In fact, how do objects get to be the size of planets? Especially rocky ones.

Siegel notes that normal matter clumps naturally. Well beyond the atomic scale, we’re talking about gravitational aggregation.

If you get enough normal matter together in one place — regardless of the type, phase, origin, or nature of matter that you have — it will contract until it’s a single, gravitationally bound object.

[Perhaps some experiments on the ISS might demonstrate this behavior?]

At a scale of “more than a ‘grain’ of matter but not more than a few million tons,” Siegel distinguishes between rubble piles, objects with inner denser cores and outer less dense layers, and merged bodies. With shapes due to “luck-of-the draw.”

Like a mash-up of rocky boulders or chunks of ice, these objects aren’t round. Two types of forces (using a classical context) are at play: electromagnetic force and gravity.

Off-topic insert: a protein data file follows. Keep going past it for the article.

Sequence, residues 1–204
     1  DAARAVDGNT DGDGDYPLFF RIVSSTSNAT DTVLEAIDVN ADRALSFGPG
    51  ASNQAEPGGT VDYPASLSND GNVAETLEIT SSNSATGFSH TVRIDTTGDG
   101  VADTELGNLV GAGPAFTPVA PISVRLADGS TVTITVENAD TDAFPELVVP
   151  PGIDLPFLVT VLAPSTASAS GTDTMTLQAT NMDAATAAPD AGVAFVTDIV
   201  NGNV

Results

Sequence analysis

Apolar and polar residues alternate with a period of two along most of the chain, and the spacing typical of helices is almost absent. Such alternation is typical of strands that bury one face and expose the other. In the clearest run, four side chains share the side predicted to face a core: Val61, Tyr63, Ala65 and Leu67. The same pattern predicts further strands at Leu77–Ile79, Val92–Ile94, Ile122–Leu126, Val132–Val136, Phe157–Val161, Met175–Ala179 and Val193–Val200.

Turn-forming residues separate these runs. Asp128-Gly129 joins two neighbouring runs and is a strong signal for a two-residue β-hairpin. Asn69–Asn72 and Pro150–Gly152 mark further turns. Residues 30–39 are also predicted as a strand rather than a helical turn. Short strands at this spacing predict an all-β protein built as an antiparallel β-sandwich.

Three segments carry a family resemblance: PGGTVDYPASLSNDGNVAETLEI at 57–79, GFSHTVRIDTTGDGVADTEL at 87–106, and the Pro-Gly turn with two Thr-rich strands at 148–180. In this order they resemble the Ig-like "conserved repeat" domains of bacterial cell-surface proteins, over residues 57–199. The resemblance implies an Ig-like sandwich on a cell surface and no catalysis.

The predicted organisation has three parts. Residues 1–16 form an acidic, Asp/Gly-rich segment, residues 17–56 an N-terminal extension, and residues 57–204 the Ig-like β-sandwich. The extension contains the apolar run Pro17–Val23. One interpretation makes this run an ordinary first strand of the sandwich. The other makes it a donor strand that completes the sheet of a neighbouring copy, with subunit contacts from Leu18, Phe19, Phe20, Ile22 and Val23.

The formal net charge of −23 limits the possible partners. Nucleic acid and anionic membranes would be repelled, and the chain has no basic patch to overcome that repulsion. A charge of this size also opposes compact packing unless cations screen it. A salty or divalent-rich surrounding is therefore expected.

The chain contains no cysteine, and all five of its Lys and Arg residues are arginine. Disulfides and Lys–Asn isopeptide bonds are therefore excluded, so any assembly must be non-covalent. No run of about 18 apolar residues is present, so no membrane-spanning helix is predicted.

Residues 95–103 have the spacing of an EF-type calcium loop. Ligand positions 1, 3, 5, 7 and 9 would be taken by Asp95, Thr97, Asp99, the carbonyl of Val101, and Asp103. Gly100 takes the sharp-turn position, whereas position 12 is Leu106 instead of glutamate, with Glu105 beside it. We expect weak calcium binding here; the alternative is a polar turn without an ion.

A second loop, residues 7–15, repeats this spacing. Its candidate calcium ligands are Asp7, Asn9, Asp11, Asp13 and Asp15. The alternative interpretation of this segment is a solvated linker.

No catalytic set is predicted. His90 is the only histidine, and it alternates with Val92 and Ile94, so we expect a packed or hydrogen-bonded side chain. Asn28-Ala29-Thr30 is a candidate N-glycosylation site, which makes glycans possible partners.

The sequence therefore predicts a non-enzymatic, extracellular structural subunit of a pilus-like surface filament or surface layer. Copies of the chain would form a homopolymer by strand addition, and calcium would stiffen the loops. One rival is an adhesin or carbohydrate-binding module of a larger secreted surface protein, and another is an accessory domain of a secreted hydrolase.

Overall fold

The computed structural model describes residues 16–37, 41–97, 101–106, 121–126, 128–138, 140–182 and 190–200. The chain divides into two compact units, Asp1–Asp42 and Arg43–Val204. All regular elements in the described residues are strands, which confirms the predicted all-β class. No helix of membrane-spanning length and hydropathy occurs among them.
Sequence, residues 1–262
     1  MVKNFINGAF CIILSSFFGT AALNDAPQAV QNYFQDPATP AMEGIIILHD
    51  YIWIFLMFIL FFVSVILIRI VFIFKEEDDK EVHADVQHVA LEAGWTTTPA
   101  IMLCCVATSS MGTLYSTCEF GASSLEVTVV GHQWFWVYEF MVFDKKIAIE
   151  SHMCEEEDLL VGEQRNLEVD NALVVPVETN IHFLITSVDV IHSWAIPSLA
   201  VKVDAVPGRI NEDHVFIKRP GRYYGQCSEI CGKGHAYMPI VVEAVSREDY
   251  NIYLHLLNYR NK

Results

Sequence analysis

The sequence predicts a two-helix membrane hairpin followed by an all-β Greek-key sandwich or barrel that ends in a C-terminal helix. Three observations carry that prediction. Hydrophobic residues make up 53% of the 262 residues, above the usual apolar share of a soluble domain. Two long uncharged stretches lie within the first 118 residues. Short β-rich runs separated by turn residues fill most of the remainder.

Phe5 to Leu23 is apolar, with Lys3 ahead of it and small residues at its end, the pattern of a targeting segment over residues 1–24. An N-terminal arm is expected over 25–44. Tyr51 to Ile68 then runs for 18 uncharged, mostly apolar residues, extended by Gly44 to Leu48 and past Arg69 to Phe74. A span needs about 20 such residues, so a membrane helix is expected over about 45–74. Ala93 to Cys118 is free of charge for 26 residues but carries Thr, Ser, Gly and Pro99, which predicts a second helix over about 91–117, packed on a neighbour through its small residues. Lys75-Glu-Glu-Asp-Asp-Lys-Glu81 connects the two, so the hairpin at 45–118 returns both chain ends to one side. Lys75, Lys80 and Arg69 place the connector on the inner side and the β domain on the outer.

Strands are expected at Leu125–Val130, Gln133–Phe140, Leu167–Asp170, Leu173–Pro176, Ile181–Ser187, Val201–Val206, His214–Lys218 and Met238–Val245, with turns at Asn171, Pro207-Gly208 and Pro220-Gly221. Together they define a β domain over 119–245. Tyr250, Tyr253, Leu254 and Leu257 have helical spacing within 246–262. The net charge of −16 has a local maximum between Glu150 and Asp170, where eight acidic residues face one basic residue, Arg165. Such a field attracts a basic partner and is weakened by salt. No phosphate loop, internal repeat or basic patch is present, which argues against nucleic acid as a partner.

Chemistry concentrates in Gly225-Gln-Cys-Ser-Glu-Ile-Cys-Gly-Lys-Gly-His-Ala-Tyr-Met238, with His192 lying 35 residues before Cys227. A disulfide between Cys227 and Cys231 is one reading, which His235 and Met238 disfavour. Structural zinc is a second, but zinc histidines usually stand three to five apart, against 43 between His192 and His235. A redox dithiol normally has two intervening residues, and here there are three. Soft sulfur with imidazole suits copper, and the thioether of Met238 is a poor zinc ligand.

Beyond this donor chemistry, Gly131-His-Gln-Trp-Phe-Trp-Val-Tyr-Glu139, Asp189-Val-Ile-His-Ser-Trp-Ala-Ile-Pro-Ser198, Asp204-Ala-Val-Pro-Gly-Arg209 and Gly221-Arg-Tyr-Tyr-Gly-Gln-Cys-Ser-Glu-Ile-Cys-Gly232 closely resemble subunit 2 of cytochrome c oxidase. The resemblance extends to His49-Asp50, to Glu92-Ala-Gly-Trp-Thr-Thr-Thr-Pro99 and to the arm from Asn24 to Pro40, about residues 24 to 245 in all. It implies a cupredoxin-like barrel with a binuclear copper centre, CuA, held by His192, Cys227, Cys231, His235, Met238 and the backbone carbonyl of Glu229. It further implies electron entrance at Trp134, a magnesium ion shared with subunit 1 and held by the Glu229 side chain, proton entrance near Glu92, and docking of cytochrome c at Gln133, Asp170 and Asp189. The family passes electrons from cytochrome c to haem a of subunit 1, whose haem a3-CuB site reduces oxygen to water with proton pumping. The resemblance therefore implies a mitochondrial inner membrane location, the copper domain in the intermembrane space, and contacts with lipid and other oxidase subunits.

The solidity and enduring shape of everyday objects – floors, walls, desks, chairs, coffee cups, cows, etc. – depend on the electromagnetic force. For the molecules and atoms of solid matter to stay in place, hold their arrangment.

But gravity becomes dominant at a certain scale, a threshold – strong enough to break the arrangement of molecules and atoms.

Siegel notes one of the most powerful concepts in physics, namely, center of mass. A mash-up of objects acts as if every bit is attracted to its center of mass (which may or may not be at the “center” of that mash-up). Self-gravitation.

So, when the pressure of that attraction overcomes the electromagnetic force, it’s shape-shifting time. Hulk smash (quite slowly). [1]

If the pressure is great enough, it will override whatever initial conditions or shapes an object possesses to start with, and compel it to reshape itself into a more energetically stable configuration.

Reaching that point – “behave in a plastic fashion” – depends on the type of stuff in the mash-up. Rock, ice, grit, metal, etc. Crushing (deforming) ice is easier than crushing concrete, for example.